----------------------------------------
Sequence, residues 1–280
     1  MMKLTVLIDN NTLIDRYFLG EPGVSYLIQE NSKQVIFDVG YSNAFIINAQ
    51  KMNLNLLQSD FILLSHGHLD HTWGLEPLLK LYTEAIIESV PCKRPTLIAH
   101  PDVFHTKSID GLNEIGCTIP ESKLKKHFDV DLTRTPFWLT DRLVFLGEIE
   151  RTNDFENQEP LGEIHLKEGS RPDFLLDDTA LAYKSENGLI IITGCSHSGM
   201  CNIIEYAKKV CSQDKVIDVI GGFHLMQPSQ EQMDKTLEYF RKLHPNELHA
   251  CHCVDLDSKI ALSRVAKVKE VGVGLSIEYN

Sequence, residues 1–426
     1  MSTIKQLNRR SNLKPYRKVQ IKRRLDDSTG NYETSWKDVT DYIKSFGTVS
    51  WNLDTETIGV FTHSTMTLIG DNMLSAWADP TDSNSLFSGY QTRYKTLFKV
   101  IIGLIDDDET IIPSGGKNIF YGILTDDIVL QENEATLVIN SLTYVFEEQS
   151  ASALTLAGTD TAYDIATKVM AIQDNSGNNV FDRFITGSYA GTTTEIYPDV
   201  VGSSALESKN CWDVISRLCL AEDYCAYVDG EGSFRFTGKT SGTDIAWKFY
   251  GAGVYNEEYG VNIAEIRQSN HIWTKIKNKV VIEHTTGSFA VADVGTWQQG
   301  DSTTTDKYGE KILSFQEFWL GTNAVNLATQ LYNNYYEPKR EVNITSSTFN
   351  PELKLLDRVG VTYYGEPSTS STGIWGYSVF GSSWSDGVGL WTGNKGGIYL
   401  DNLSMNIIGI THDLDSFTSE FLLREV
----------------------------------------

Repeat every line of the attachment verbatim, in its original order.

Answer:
Sequence, residues 1–280
     1  MMKLTVLIDN NTLIDRYFLG EPGVSYLIQE NSKQVIFDVG YSNAFIINAQ
    51  KMNLNLLQSD FILLSHGHLD HTWGLEPLLK LYTEAIIESV PCKRPTLIAH
   101  PDVFHTKSID GLNEIGCTIP ESKLKKHFDV DLTRTPFWLT DRLVFLGEIE
   151  RTNDFENQEP LGEIHLKEGS RPDFLLDDTA LAYKSENGLI IITGCSHSGM
   201  CNIIEYAKKV CSQDKVIDVI GGFHLMQPSQ EQMDKTLEYF RKLHPNELHA
   251  CHCVDLDSKI ALSRVAKVKE VGVGLSIEYN

Sequence, residues 1–426
     1  MSTIKQLNRR SNLKPYRKVQ IKRRLDDSTG NYETSWKDVT DYIKSFGTVS
    51  WNLDTETIGV FTHSTMTLIG DNMLSAWADP TDSNSLFSGY QTRYKTLFKV
   101  IIGLIDDDET IIPSGGKNIF YGILTDDIVL QENEATLVIN SLTYVFEEQS
   151  ASALTLAGTD TAYDIATKVM AIQDNSGNNV FDRFITGSYA GTTTEIYPDV
   201  VGSSALESKN CWDVISRLCL AEDYCAYVDG EGSFRFTGKT SGTDIAWKFY
   251  GAGVYNEEYG VNIAEIRQSN HIWTKIKNKV VIEHTTGSFA VADVGTWQQG
   301  DSTTTDKYGE KILSFQEFWL GTNAVNLATQ LYNNYYEPKR EVNITSSTFN
   351  PELKLLDRVG VTYYGEPSTS STGIWGYSVF GSSWSDGVGL WTGNKGGIYL
   401  DNLSMNIIGI THDLDSFTSE FLLREV